Hey there, time traveller!
This article was published 24/4/2012 (2862 days ago), so information in it may no longer be current.
It's a case of putting your money — and your lobster — where your mouth is. Faced with lobster buyers unwilling to accept this year's board-set price for the crustaceans — buyers who have promised not to buy any lobster — lobster fishermen and their union have decided to go into the lobster-buying business themselves.
This weekend, lobster fishermen from across the province got together to deal with the buyers' boycott and came out agreeing to form their own co-op. It could be a pretty shrewd move in this particular fishery.
By and large, lobster is shipped out of the province without being processed, meaning a co-op could move pretty quickly to take over the relatively straightforward trucking of the product to mainland markets. The Fisheries, Food and Allied Workers union doesn't need plants to co-operate and process the product they buy and, as union head Earle McCurdy puts it, the current buyers "aren't the only ones who can drive trucks."
If it works, it might well be a way to put a larger share of the fishery's $17.3 million in annual sales into the hands of fishermen themselves.
But for both sides, it's a gamble.
The buyers already took their chance, going winner-take-all: uncomfortable not with the opening-season price of $3.25 but with the price-escalation system that would apply throughout the season, they threw the dice and hoped any opposition from lobster fishermen, hungry for spring cash, would simply crumble.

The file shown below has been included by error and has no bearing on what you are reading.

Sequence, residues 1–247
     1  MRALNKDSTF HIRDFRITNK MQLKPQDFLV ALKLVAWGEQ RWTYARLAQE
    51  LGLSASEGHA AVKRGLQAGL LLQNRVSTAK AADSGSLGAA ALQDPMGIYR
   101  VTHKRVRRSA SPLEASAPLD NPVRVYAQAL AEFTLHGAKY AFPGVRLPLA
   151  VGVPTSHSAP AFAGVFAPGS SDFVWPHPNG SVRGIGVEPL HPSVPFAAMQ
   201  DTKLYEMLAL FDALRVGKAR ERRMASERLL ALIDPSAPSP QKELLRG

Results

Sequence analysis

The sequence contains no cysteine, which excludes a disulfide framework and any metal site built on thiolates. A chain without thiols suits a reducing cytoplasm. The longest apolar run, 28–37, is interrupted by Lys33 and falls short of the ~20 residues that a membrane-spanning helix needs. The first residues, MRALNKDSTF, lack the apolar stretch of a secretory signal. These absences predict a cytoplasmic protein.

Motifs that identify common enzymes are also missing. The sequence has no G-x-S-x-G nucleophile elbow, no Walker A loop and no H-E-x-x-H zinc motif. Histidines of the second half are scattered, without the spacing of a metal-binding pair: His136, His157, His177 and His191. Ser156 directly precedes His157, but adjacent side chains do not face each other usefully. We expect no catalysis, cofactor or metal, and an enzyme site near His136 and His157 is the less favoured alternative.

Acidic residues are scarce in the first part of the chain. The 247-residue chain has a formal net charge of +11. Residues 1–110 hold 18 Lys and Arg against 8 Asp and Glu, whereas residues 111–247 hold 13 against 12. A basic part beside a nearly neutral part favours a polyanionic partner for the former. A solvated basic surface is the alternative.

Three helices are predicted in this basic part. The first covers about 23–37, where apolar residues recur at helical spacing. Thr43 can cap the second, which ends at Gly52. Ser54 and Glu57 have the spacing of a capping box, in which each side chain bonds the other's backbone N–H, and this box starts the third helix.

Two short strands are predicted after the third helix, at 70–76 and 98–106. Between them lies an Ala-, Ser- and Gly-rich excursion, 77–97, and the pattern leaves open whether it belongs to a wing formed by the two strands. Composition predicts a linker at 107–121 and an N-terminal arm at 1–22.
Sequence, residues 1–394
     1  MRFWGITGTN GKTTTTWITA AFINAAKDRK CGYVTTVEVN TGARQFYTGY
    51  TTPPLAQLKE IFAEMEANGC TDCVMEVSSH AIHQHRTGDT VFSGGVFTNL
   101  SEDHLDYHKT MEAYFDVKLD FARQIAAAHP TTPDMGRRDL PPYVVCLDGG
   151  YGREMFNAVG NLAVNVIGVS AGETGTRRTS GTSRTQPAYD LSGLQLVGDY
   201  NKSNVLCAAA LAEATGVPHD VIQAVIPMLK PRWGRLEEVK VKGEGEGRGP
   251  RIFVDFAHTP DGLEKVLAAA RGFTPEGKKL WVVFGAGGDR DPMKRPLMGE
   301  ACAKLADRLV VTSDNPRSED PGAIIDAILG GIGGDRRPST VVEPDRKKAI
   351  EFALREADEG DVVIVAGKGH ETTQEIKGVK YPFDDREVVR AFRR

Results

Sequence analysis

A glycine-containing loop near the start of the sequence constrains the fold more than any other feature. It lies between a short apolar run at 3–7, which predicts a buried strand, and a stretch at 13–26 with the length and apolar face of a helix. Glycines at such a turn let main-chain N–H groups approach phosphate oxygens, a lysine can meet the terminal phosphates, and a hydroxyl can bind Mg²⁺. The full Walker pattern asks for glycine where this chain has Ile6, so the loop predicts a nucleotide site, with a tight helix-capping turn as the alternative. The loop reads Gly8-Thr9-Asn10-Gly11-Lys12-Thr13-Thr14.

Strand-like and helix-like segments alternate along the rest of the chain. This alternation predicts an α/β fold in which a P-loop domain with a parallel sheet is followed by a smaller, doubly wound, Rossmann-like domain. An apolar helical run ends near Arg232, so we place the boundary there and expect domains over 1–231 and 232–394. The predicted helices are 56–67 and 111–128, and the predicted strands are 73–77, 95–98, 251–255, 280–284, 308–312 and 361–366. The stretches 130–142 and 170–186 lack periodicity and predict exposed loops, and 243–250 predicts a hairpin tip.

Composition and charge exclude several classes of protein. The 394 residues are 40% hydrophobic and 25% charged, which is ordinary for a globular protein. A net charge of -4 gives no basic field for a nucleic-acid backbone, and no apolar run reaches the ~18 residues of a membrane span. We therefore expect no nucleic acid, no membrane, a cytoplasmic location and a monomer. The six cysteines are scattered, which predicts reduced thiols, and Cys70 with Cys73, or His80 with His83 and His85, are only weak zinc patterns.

If the co-op is a success, the lobster buyers may have found themselves in the unenviable position of having precipitated their own early-retirement program.
An efficient co-op, redistributing profits to its fishermen-shareholders will have a clear advantage in future price competitions with other buyers. It's also likely to have more transparency and more loyalty from fishermen.
But new businesses are not without their own risks and almost-certain teething pains. The gamble for the union and the new co-op is the season is poised to start and the co-op had better be ready to hit the ground running.
If they don't, it will be the fishermen who end up losing the gamble.
If a co-op doesn't fly and lobsters don't sell, the fishermen will find themselves even more dangerously beholden to the buyers.
If the co-op plan fails, the bargaining advantage will shift back decisively to a group of buyers who have already shown their willingness to simply walk away from the results of an already-agreed-to dispute settling process.
It is a move well worth watching.